Yes, Wicked was the first show I conducted. It was amazing conducting a 23-piece orchestra—very exciting. Book of Mormon has a smaller group and I was the pianist/conductor. It was a blast, one of the most fun shows I’ve done. I still go back and conduct Wicked once a year. I also conduct Book of Mormon once in a while too.
Through the years, I’ve had opportunities to conduct some really fantastic orchestras. I worked with Rufus Wainright on the [Rufus Does Judy at Carnegie Hall] show, and conducted a 40-piece group, a big band with strings. In London we did House of Rufus at the Royal Opera House and I got to conduct the Britten Sinfonia. I also conducted a 72-piece orchestra for the soundtrack of the Disney film Frozen. This February I will be the music director and conductor for the Academy Awards. That orchestra will have about 68 pieces.
Can you talk about the collaborative process in working with Cyndi Lauper on the arrangements for Kinky Boots?
It was fascinating. We taught each other a lot about how we each make music. I come from a loud Italian family from New Jersey and she is from a loud Italian family from Queens. We got along well instantly—I have relatives like her. She is very direct and has no filter, which can be a little tricky sometimes. I now speak fluent “Lauperese” and know how to translate what she is communicating to help the music happen the way she wants it to. She has an incredible ear for arranging and when it came to orchestrating the show, she pushed for simplicity and specificity. It was a lesson for me in making pop music. It wasn’t just about shaping vocal performances by the actors; it was about shaping the overall sound of the full orchestration. Cyndi knew what she wanted the guitars and strings to play. I would orchestrate something, we’d listen, and then we would continue to refine things. We incorporated electronics and things with Ableton to put the more dance-oriented songs into the surround-sound speakers to complement the orchestration.
How were the decisions made about the different styles of the dance numbers needed for Kinky Boots?
It was a collaboration with several of us—Harvey Fierstein who wrote the book; Jerry Mitchell, the director and choreographer; Cyndi and me—to figure out what the show needed. I helped to guide Cyndi about the kinds of things she would need to write for a given spot and what the songs needed to express. We did things in phases. We would make demos and then get together with groups of actors to read through a draft and sing through the songs. Eventually in the workshop process we did a reading of three numbers that were choreographed and staged. That helped the producers, designers, and Cyndi and me to see how the physical production was going to come to life.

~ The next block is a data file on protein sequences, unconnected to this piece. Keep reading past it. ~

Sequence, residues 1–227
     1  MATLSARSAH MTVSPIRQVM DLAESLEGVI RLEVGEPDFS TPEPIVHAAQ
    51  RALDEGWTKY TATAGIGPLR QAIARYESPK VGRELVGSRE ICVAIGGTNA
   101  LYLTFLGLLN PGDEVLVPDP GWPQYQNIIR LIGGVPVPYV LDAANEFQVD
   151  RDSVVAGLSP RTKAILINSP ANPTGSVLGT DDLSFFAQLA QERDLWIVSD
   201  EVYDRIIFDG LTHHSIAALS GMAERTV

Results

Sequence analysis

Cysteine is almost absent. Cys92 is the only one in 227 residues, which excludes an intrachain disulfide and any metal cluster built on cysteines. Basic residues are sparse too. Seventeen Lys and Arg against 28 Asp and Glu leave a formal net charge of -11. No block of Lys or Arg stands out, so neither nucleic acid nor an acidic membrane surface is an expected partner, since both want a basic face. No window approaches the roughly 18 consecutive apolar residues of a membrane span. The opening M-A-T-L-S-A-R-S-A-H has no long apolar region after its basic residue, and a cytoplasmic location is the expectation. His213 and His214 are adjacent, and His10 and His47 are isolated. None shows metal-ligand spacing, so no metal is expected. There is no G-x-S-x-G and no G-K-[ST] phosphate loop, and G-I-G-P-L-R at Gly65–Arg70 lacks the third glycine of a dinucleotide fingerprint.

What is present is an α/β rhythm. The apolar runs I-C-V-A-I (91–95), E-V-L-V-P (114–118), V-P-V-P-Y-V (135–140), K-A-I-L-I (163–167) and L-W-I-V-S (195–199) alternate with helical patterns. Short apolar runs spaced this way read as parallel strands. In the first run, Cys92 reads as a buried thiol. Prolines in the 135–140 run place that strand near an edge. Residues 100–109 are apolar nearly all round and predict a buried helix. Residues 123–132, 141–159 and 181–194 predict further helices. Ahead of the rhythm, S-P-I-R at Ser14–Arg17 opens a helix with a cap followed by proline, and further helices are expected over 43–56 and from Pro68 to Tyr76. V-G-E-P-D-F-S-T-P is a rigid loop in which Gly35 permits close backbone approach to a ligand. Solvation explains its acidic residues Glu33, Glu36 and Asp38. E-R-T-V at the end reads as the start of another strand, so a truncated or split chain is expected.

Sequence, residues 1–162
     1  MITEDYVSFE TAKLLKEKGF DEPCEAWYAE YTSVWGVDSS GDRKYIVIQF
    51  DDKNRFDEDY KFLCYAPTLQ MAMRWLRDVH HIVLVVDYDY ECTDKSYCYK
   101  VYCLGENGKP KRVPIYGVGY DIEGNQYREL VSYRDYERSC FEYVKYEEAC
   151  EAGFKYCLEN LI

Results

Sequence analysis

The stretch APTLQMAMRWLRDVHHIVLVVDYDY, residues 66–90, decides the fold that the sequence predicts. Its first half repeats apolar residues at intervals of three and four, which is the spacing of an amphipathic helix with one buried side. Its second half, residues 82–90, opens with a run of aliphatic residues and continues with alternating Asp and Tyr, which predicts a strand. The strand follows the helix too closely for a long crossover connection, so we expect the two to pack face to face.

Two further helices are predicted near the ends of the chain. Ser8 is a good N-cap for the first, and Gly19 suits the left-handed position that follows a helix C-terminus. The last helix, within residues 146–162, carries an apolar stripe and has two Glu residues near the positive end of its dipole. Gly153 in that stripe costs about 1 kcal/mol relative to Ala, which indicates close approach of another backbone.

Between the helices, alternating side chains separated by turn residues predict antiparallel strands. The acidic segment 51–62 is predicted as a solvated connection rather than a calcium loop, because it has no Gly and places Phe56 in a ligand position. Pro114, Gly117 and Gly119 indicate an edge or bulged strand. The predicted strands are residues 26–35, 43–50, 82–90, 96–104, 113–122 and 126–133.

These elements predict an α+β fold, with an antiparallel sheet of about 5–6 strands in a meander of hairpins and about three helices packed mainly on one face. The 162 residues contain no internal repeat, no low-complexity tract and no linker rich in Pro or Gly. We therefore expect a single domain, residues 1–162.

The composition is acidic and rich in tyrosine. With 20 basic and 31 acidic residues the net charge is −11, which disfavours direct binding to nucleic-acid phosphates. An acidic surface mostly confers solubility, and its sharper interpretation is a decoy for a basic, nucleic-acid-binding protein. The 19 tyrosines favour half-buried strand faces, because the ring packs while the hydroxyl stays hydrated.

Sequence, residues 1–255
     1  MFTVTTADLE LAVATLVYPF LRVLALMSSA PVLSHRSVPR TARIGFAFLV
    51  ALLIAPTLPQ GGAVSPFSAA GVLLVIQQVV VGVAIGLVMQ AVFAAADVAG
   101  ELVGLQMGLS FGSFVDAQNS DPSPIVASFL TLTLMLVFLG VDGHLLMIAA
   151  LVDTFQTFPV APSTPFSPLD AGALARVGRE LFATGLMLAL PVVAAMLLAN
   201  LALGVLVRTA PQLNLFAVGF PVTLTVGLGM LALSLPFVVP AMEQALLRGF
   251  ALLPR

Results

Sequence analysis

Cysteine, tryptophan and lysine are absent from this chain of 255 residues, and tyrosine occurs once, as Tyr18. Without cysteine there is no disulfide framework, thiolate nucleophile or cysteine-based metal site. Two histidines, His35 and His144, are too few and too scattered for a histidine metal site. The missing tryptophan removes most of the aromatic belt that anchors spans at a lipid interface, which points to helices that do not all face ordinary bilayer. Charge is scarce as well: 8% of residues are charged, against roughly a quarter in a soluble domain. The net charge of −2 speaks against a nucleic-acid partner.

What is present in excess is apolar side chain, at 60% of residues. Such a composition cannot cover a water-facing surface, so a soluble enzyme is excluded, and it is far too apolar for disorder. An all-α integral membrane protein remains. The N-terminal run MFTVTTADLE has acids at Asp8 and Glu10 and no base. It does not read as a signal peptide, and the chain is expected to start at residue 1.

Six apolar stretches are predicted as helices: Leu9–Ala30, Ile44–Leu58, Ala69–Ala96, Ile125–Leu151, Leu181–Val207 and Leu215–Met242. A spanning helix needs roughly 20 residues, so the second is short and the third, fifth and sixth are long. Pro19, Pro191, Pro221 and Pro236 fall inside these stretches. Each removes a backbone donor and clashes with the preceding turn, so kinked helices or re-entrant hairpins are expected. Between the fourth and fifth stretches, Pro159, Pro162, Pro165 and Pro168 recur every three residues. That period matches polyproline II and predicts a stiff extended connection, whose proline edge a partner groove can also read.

There are always last minute changes. We swapped out a song when the show was in Chicago before coming to Broadway. Cyndi wrote “Step One” and I had to orchestrate it and throw it into the show to replace another song. The collaboration went on over the course of three years. I’ve never been involved in a show that has been developed in less than three to five years.
It must have been great to see the whole production finally come together.
It’s a very exciting process to see any musical come to life. Things are constantly in flux. We keep changing and tweaking, cutting, and redoing things. It’s a lot of work until opening night. It was great working with this particular group. We had so much fun and loved each other so much. It wasn’t easy every step of the way, but it was done with great joy.
You’ve said that you worked to bring Cyndi’s music closer to Broadway. Did you do that by putting things like modulations into some songs at pivotal places?
There was some of that. It was not so much that I was trying to bring her music to Broadway; it was about bringing Broadway to her. We did certain things in some of the bigger numbers with dance breaks and a couple of key changes. We were just trying to build the numbers in an exciting and theatrical way, and that’s how you do it. Cyndi doesn’t often have a horn section or strings backing her up, so we added a lot of new colors and layers to her music.
A few decades ago, songs from top Broadway shows were also radio hits. Do you see possibilities for that in the future?
In the past, so many popular tunes came from Broadway shows. Look at where the standards everybody performs came from. But that’s not how it works anymore. Everything is so diversified now and there are so many different styles of popular music. There really hasn’t been much crossover in many years. Although I will say that when we released The Book of Mormon cast recording, it was the first time a cast recording had broken the top 10 since Hair.